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A long sentence in which the completion of the syntax and sense is delayed until the end, usually after a sequence of balanced subordinate clauses. The effect is suspense, because the reader is compelled forward to the end of the sentence to discover the outcome. Many Victorian writers (two particularly verbose examples are Charles Dickens and Henry James) employed this type of sentence.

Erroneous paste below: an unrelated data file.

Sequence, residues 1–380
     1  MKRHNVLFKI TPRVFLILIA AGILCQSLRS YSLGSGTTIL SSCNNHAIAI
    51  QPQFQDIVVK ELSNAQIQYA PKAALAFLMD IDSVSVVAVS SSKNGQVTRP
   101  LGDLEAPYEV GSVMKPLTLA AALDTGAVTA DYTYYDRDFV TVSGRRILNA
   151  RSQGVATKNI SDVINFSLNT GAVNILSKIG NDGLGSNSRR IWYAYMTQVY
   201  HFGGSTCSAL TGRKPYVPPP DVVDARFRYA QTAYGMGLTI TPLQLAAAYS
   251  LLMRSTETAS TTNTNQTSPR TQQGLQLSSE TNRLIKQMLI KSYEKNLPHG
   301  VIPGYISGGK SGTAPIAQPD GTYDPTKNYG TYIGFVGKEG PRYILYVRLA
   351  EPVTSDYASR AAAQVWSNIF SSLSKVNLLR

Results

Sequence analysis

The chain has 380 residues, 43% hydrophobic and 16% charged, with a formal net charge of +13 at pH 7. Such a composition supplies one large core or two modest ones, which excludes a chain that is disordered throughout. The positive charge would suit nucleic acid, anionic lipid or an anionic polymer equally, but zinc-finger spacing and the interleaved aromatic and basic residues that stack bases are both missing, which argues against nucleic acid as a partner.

Example:

Whenever you go outside, into the daylight, and see the blue sky, and the birds flying high above, you must be inspired.

This is the opposite of a loose sentence.

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